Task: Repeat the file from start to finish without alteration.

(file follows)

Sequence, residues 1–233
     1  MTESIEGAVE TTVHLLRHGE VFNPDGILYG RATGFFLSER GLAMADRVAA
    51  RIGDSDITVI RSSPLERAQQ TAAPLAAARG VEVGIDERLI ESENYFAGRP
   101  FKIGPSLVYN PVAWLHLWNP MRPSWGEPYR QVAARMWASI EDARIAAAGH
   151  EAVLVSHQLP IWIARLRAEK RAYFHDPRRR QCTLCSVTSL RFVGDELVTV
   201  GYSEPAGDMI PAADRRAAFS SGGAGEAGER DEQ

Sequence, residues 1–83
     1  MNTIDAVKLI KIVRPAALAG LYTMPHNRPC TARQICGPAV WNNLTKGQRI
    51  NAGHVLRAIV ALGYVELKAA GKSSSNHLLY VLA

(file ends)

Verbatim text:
Sequence, residues 1–233
     1  MTESIEGAVE TTVHLLRHGE VFNPDGILYG RATGFFLSER GLAMADRVAA
    51  RIGDSDITVI RSSPLERAQQ TAAPLAAARG VEVGIDERLI ESENYFAGRP
   101  FKIGPSLVYN PVAWLHLWNP MRPSWGEPYR QVAARMWASI EDARIAAAGH
   151  EAVLVSHQLP IWIARLRAEK RAYFHDPRRR QCTLCSVTSL RFVGDELVTV
   201  GYSEPAGDMI PAADRRAAFS SGGAGEAGER DEQ

Sequence, residues 1–83
     1  MNTIDAVKLI KIVRPAALAG LYTMPHNRPC TARQICGPAV WNNLTKGQRI
    51  NAGHVLRAIV ALGYVELKAA GKSSSNHLLY VLA